Modern mathematics movement of the early 20th century found its way into the teaching of mathematics across the world in the early post-war period, with Georges Papy and André Lichnerowicz leading the way in Europe. In Czechoslovakia, this transformation of mathematics education is known as “set-theoretical approach”. Indeed set theory is at the core of Bourbakist transformation of the mathematical knowledge, as exemplified by their masterpiece Élements de Mathématique, which became mathematicians’ manifesto. In the educational setting, the adjectives “new” and “modern” were found more appropriate, but not so in Czechoslovakia.

Dirk de Bock’s recent book on the topic (Modern Mathematics: An International Movement?, Springer 2023) covers a lot of Modern Math, but Czechoslovakia is missing, and here we are. Czechoslovakia is at the heart of Europe, perhaps the heart of Europe. Hence we connect to other countries: Poland, Hungary, Soviet Union, but also Belgium, France, Sweden (marginally), the Netherlands, and Yugoslavia as a very special case.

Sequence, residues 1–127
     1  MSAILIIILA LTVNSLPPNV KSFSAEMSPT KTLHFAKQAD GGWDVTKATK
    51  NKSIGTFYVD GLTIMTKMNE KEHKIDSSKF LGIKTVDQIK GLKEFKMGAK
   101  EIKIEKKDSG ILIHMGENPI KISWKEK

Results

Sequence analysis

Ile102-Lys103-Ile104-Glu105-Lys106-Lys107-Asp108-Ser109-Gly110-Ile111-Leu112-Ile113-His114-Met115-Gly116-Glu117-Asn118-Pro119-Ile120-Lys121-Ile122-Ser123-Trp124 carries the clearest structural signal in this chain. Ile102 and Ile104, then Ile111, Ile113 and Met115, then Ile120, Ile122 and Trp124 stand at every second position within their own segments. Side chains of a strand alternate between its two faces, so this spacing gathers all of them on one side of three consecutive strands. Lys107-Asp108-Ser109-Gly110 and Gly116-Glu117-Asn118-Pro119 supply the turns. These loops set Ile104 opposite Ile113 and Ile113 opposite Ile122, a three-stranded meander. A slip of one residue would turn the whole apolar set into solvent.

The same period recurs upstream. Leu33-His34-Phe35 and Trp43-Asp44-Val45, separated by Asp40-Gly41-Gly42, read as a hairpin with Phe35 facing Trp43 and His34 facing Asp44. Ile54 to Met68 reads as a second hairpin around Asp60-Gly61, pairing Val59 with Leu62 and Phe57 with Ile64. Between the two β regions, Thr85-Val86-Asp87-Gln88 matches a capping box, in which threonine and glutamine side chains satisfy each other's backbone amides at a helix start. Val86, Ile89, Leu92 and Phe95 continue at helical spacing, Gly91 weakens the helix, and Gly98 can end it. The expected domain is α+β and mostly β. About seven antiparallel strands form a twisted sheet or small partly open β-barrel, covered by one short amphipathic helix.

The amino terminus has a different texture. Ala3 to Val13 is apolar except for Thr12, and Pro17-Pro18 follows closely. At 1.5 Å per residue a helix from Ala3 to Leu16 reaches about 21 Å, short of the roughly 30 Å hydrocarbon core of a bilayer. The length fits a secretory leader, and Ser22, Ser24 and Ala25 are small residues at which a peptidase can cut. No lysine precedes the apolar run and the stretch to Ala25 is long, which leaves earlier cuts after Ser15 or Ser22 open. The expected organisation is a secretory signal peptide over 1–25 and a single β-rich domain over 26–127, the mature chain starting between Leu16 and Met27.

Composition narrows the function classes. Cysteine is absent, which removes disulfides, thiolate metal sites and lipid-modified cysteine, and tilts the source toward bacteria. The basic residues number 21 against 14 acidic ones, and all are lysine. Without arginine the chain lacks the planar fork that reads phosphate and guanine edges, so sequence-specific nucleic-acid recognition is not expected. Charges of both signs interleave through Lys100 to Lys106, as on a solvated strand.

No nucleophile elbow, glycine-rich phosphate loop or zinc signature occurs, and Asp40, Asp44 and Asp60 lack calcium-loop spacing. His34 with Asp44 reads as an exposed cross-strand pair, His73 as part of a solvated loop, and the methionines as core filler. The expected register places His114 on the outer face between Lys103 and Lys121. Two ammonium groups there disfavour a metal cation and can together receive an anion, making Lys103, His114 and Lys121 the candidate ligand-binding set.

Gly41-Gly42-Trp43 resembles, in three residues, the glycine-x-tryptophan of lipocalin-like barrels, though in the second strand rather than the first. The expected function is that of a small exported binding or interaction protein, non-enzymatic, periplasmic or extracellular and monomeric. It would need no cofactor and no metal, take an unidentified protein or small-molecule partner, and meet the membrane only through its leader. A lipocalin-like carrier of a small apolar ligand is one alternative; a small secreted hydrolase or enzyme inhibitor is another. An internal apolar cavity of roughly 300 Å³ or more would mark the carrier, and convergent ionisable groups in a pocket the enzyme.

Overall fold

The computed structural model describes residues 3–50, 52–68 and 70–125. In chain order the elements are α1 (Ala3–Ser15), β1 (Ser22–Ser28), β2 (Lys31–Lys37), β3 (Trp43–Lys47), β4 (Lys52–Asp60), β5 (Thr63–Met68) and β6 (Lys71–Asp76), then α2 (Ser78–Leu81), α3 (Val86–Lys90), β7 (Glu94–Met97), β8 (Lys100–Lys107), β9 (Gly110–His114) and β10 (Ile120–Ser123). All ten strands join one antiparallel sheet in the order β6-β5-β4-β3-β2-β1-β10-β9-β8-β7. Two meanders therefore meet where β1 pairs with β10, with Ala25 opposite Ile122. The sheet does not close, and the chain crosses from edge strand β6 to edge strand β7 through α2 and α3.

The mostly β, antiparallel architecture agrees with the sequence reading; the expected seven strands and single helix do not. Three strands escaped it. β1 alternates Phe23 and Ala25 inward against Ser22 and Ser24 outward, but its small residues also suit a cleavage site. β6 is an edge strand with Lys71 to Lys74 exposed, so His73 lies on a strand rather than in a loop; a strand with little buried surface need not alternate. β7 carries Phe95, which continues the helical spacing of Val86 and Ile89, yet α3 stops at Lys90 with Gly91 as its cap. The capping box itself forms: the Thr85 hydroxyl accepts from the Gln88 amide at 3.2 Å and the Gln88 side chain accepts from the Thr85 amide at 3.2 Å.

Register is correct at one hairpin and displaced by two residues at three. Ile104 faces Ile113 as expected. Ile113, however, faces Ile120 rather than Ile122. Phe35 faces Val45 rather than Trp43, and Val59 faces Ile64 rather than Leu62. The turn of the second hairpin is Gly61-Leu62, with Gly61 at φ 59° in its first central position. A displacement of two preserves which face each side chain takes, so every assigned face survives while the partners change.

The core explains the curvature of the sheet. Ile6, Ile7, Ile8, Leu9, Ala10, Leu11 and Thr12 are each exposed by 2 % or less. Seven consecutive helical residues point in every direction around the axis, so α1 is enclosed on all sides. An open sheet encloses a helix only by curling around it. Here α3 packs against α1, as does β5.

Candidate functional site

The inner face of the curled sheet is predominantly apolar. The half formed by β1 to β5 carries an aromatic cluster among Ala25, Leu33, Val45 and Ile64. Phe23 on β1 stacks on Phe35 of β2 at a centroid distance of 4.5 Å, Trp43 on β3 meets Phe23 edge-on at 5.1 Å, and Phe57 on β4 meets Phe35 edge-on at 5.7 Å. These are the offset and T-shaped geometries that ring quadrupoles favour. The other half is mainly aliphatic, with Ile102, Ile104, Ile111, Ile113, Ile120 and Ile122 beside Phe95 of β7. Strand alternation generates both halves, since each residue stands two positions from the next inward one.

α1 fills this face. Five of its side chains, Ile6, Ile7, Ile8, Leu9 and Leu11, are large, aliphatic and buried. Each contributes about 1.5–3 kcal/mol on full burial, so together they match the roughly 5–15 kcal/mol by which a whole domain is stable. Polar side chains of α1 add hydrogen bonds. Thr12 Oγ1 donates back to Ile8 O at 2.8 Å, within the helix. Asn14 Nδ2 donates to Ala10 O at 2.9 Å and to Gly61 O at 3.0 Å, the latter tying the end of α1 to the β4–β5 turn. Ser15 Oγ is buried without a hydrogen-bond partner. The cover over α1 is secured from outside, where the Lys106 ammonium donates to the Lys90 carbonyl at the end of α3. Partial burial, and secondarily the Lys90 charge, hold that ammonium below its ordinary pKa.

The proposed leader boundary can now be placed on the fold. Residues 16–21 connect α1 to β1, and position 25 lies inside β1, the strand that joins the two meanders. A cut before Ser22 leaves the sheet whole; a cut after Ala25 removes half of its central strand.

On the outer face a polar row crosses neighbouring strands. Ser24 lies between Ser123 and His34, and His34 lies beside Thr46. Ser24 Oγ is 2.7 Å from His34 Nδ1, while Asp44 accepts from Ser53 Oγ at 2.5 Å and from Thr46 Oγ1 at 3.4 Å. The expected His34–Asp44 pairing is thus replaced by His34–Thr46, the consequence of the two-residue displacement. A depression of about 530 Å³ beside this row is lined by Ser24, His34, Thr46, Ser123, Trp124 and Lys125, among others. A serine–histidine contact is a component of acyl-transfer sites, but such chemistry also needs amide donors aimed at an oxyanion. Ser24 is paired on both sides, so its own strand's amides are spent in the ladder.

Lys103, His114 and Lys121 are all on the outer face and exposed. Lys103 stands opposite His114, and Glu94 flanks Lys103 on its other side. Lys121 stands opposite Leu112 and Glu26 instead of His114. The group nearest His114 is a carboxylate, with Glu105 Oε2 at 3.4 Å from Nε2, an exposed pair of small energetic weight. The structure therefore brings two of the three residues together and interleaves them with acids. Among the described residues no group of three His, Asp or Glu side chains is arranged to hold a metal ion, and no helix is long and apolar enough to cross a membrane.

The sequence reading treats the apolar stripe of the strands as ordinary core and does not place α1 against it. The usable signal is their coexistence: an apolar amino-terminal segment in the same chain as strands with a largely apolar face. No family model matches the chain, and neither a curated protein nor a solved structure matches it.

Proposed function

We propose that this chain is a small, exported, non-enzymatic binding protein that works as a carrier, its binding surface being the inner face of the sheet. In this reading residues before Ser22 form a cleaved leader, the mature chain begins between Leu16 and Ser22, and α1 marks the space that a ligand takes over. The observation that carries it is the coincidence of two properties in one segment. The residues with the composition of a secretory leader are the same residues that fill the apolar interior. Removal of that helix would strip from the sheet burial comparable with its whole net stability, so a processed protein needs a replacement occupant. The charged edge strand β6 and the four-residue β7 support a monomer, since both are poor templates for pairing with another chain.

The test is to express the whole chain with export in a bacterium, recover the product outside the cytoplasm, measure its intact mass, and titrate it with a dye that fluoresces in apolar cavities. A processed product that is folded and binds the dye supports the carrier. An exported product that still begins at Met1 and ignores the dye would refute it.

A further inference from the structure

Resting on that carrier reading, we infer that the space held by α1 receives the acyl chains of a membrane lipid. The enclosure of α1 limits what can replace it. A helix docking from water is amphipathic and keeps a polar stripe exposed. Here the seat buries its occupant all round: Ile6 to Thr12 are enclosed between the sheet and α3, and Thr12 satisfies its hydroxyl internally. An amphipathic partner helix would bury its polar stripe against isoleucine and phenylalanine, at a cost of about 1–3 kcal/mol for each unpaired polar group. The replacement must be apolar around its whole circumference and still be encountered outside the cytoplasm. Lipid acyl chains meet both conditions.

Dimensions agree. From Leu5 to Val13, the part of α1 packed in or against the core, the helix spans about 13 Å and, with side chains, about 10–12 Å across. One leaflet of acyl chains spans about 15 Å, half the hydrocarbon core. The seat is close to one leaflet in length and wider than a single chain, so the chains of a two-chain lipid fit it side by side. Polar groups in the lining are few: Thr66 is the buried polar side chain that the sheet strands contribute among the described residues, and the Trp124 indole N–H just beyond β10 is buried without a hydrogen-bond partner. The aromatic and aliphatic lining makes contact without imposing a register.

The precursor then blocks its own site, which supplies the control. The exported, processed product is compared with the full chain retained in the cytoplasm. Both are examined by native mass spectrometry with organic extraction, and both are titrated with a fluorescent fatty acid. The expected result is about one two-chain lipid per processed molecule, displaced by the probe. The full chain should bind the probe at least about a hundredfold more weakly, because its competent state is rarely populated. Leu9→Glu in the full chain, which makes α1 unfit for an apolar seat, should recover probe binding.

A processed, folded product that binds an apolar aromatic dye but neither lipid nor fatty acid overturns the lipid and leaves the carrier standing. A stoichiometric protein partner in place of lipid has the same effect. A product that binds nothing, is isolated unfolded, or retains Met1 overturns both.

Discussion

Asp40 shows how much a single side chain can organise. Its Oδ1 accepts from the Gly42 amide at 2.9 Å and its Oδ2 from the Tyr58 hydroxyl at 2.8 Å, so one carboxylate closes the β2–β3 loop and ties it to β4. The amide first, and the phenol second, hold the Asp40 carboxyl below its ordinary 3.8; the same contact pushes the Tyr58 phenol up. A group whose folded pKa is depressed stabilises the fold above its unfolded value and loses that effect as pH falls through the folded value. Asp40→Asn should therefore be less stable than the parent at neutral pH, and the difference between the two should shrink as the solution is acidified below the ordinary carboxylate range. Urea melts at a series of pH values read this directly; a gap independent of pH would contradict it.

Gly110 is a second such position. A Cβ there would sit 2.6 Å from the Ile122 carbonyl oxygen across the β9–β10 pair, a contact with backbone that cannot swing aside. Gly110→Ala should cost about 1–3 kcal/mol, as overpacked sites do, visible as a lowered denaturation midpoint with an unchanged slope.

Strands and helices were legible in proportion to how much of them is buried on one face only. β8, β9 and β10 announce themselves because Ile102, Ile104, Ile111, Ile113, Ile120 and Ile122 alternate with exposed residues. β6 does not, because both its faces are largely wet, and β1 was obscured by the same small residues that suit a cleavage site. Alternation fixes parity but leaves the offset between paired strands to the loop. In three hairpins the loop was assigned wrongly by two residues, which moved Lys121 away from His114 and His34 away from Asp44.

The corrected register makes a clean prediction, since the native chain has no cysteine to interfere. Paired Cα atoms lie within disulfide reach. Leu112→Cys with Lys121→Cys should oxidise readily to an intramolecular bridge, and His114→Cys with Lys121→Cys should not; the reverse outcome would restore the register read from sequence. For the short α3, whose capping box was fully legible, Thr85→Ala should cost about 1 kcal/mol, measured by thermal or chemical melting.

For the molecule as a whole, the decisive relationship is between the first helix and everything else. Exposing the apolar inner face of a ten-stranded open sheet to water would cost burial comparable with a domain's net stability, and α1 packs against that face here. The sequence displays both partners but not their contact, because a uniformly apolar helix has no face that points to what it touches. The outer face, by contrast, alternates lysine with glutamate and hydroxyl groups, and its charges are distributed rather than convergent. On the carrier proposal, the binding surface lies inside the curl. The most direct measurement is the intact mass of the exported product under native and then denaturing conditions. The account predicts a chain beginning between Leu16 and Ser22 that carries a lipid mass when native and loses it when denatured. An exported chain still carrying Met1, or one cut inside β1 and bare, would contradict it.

This seminar reports on a joint project of Helena Durnová, Petra Bušková (Masaryk University), Danny J. Beckers (Vrije Universiteit Amsterdam), and Snezana Lawrence (Middlesex University).

Date: 29 May 2024, 17:00 (Wednesday, 6th week, Trinity 2024)

Venue: Mathematical Institute, Woodstock Road OX2 6GG

Venue Details: Lecture Room L4

Speaker: Helena Durnová (Masaryk University)

Organising department: Mathematical Institute

Part of: History of Mathematics Seminar

Booking required?: Not required

Audience: Members of the University only

Editor: Christopher Hollings